It’s hard to imagine in a way, but Disneyland’s Pirates of the Caribbean attraction is now 48 years old. In today’s world of high-tech attractions and digital wizardry creating media-based effects and ride experiences, Pirates of the Caribbean stands out as one of the greatest ever created. In my own opinion, Disneyland’s Pirates of the Caribbean remains the single greatest attraction ever designed and built, hands down. The fact that Pirates stands up to all other rides and attractions nearly five decades later, is a testament to the vision of Walt Disney and his talented team of designers that he assembled at WED in Glendale, California, to take on this huge project.
Even as a child, I had an affinity for Pirates of the Caribbean. Woe be my family if we arrived at Disneyland to find Pirates listed on the “Attractions Not Operating” board at the ticket booths! In later years, my love of Pirates would grow by leaps and bounds, as that was my first attraction to work on when I became a Disneyland Cast Member in 1988. When you’re brought into the theme park fold at Disney, you’re warned that becoming an employee will likely ruin the “magic”, since you’re about to learn the gritty ins and outs of the operation. Pirates training then was a two day process. Not only did I have to learn the ride system competently, I had to become familiar with the labyrinthine footprint of Pirates itself, which is comprised of two very large multi-level show buildings. It’s very easy to get completely turned around and lost wandering through the Pirates show buildings – so it is essential that Cast Members assigned to working it be very familiar with all aspects of it.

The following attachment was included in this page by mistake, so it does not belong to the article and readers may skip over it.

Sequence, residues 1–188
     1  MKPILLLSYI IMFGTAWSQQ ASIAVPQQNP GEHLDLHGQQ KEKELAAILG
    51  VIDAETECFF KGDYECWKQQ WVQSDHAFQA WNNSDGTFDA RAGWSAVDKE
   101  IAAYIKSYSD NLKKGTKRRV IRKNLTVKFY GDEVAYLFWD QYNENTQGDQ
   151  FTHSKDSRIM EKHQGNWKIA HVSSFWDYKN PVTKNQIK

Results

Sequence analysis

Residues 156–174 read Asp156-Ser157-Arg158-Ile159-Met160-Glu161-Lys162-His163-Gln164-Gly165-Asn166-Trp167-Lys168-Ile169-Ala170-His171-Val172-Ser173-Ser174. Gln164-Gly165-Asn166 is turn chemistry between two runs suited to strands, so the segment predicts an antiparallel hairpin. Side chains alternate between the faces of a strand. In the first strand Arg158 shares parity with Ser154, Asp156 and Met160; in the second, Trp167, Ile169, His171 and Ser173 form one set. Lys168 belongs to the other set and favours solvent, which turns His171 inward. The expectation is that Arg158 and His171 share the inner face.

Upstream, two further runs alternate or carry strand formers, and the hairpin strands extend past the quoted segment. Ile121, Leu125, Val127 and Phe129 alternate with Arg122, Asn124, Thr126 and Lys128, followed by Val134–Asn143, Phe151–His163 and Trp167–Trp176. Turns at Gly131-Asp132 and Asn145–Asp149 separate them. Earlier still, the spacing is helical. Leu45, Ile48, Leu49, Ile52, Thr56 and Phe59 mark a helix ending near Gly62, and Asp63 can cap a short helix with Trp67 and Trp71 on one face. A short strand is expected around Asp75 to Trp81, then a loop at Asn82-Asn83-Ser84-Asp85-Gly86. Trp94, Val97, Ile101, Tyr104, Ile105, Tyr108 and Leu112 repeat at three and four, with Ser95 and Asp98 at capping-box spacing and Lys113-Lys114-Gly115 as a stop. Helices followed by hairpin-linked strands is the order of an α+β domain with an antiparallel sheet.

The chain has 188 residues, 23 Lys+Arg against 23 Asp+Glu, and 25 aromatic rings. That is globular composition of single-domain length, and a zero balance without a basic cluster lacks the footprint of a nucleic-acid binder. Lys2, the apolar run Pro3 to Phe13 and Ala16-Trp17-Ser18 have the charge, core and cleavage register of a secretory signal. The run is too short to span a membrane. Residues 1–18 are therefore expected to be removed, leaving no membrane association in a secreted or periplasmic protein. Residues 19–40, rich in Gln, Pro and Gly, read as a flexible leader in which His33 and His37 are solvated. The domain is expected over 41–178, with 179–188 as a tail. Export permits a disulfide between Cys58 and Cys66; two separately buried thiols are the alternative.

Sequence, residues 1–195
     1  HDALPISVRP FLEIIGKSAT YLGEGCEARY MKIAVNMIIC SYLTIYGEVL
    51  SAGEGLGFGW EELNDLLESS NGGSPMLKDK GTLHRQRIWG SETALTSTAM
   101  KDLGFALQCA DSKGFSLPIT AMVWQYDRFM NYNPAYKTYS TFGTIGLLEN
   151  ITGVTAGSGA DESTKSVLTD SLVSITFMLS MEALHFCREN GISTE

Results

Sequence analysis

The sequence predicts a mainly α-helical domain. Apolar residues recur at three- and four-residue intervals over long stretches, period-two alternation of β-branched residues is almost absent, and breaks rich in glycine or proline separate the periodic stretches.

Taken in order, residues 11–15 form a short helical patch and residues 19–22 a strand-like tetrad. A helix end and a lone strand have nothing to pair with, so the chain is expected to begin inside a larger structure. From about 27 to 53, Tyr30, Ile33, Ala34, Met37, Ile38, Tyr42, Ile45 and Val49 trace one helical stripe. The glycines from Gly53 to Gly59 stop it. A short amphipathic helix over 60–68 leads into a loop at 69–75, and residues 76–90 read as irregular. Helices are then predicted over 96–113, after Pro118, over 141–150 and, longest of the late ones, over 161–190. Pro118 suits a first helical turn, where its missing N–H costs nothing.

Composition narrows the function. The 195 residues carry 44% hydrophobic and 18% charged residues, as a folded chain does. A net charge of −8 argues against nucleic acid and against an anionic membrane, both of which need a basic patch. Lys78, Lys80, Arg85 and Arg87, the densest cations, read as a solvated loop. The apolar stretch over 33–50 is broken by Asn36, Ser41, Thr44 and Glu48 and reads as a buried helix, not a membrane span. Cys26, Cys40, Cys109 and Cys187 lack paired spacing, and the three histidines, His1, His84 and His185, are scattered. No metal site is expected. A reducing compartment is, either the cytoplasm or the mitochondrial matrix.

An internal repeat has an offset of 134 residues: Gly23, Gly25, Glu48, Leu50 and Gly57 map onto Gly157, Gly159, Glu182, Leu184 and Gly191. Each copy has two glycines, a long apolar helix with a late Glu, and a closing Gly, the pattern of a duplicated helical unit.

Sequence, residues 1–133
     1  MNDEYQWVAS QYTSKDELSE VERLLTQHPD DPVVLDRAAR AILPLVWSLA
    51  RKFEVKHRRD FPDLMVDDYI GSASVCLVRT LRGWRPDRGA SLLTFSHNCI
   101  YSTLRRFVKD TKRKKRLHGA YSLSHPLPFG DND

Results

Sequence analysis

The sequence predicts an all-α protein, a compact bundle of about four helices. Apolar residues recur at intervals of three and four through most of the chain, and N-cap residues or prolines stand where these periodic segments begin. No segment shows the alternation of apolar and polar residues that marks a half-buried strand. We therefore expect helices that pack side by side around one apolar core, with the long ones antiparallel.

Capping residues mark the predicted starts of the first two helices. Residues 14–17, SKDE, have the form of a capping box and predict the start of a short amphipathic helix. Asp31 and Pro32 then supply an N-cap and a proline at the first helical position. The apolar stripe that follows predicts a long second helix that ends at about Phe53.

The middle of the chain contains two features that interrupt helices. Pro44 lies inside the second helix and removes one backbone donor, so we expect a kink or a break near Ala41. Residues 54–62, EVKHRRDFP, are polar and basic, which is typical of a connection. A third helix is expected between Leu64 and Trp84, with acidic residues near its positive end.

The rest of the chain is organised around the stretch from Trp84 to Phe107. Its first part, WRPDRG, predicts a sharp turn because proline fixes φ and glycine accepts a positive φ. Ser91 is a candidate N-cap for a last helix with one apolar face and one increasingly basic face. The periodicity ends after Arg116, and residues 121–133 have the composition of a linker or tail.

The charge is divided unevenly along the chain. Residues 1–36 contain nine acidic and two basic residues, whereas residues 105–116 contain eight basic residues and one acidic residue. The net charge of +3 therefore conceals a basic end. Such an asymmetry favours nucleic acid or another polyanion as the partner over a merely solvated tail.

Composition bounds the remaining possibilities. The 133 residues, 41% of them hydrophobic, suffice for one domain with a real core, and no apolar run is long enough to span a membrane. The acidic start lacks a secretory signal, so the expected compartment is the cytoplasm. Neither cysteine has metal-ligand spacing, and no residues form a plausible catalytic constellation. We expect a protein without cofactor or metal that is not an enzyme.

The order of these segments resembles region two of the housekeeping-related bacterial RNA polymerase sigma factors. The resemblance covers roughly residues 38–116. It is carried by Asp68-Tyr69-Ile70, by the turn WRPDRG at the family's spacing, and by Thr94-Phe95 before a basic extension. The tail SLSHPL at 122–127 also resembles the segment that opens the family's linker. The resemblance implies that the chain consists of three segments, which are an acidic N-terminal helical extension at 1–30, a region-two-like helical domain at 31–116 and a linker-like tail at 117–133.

The more I learned, the more I was awestruck by the sheer magnitude of imagination and creative firepower that went into making Pirates of the Caribbean. My appetite for knowledge became insatiable, and as a Cast Member, I spent a huge amount of 1988 and 1989 delving into the history and lore of the park, and its creators. It was harder then – there was no Google; nor were there countless Disney fan sites to check out, or old YouTube videos to watch. Most of the knowledge regarding Pirates of the Caribbean was handed down by older Cast Members and by simply talking to the Imagineers that were responsible for creating it, as well as those assigned to keeping it fresh and exciting for new generations of Disneyland guests.
My love of Pirates of the Caribbean culminated in the mid-’90s in a 170-page Feature Issue book that Theme Park Adventure produced on the history of the attraction. It was, and remains the largest single document regarding the Pirates attractions at Disneyland, Walt Disney World, Tokyo Disneyland, and Disneyland Paris. The book has been out of print for nearly 20 years now, although it’s not terribly uncommon to find a copy floating around here and there, especially in the collections of serious Disney aficionados.
In an unprecedented partnership (and one that would never happen today), Theme Park Adventure worked with Marty Sklar and the team at Walt Disney Imagineering to unearth hundreds of images of the attraction – many of which had never seen the light of day – for use in our Feature Issue. That is how we came to have copies of the images we’re sharing with you in today’s Throwback Thursday story. We’ve put our watermark on them, so that there’s no mistaking where they’re from online. Each of today’s images do however, belong completely to The Walt Disney Company, and have simply been pulled from our archives that were created all those years ago when we were putting our book together, with the blessing of Marty and the team at WDI.